On long backpacking trips I carry two sets of clothes: one for hiking, one for towns. I swap them when I hit towns and can get a shower and do laundry. That doesn’t work for cycling, because cycling clothes aren’t interchangeable with town clothes. (Or at least my road cycling clothes weren’t — mountain biking-oriented clothes might be swappable.) As I didn’t care much about comfort, I decided to carry a set of cycling clothes and a set of town clothes, and I’d aim to wash them both in showers when I stopped at motels along the way. This basically worked, but I’d have enjoyed having a second set of cycling clothes if I didn’t have to carry them. ๐Ÿ˜‰ As I would have to carry them, I don’t especially regret not having any.

  • Cycling
    • Short-sleeve Firefox cycling jersey
    • Canari cycling shorts
    • One pair Pearl Izumi cycling socks
    • Pearl Izumi “sun sleeve” white arm warmers (mostly as sun protection, also claimed to aid efficient perspiration)
    • Leg warmers (an on-the-road thought, purchased the second day out in Davis, CA)
    • Pearl Izumi finger-length gloves (finger-length for long mountain descents)
    • Shimano mountain biking shoes with recessed SPD cleats
  • Non-cycling
    • Long-sleeve polyester REI hiking shirt
    • Columbia Aruba III nylon convertible pants/shorts with built-in liner
    • A second pair of Pearl Izumi cycling socks (these were swappable, but I never did)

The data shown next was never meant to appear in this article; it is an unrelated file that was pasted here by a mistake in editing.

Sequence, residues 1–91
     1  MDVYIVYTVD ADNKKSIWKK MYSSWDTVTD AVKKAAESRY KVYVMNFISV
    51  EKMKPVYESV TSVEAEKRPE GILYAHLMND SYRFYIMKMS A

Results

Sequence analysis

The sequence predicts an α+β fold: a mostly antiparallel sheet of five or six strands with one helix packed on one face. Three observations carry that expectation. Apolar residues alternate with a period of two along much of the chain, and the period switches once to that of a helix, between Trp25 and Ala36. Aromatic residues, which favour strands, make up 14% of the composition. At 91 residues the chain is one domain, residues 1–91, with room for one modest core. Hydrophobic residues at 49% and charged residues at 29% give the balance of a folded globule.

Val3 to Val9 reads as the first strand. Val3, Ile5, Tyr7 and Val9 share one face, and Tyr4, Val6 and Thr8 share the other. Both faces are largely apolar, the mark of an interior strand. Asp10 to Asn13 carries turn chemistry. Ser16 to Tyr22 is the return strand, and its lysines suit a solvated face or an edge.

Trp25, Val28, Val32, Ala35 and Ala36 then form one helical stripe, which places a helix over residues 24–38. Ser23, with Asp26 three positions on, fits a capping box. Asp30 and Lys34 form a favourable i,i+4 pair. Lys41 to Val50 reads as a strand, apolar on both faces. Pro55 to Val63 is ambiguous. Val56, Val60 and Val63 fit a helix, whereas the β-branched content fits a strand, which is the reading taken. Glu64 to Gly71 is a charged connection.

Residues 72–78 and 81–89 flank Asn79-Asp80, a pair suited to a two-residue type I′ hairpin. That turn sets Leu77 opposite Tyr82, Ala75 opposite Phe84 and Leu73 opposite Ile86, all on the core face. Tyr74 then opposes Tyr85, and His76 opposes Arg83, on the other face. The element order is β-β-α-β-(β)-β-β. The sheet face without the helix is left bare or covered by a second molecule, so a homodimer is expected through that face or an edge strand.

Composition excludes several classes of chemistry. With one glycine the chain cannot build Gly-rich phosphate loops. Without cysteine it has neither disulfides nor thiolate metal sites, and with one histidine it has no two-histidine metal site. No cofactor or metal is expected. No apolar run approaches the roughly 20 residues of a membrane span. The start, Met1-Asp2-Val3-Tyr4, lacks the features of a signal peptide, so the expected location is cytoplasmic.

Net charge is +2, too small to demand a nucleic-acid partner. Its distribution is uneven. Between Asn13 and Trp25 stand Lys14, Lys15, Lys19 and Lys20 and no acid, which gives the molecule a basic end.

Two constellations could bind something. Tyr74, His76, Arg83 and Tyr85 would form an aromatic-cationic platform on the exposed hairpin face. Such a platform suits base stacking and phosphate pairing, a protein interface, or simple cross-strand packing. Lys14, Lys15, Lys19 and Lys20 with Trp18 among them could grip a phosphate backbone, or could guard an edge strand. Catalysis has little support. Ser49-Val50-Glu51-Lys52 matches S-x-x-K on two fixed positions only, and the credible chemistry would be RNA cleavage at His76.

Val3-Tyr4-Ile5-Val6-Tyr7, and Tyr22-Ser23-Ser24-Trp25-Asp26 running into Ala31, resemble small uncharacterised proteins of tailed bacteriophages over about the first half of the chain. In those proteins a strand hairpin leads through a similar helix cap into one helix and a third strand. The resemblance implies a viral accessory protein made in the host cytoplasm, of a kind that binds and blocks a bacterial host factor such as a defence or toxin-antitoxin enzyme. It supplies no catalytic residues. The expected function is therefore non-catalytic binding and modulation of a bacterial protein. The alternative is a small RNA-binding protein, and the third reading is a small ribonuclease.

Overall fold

The shorts worked great, but an internal seam in the seat ripped in them, and I ended up throwing them out when I got home. :-\ The sun sleeves were an inspired idea and were totally worth it. The leg warmers were only occasionally useful, but descents made me glad to have them. The gloves worked fine, except that the inside of the left index finger ripped on the third day out — just past the REI where I’d have exchanged them, had I noticed. (Perhaps I could have on return, but 37 days’ use is way too much to return something after, I think.) The mountain biking shoes are similar enough to normal shoes that I never wanted something else at the end of the day. (They’re actually day-to-day shoes back home as I bike so regularly.)

I could have taken a rain coat, but my experience with them is that I’m always sweating inside them, and I still get wet anyway. I did without a rain coat and barely missed it. I was probably helped by doing well with weather; I sat out one fifteen-minute downpour, and I biked a bit in intermittent rain, but otherwise I didn’t hit anything serious, or that lasted more than half an hour or so.


My goal was to bike across the country, not to do it by camping, or staying in motels, or whatever. I determined shelter on a day-by-day basis, depending where I might end: campgrounds, motels, a bed and breakfast, hostels, even a few city parks when allowed. In one city a woman chose to open up her house to passing cyclists; this was the only time the whole trip that I washed all my laundry, not in a hotel shower. I did meet some people planning to stay inside every night the entire way. A little comfort and a breakfast was nice to have, but every night would have been too much for me.

  • Mountain Hard Wear Ultralamina 45 with compression sack
  • Silk sleeping bag liner (easier to wash, keeps sleeping bag clean longer)
  • Inflatable 48″ REI sleeping pad
  • One-man Eureka Solitaire tent and groundcloth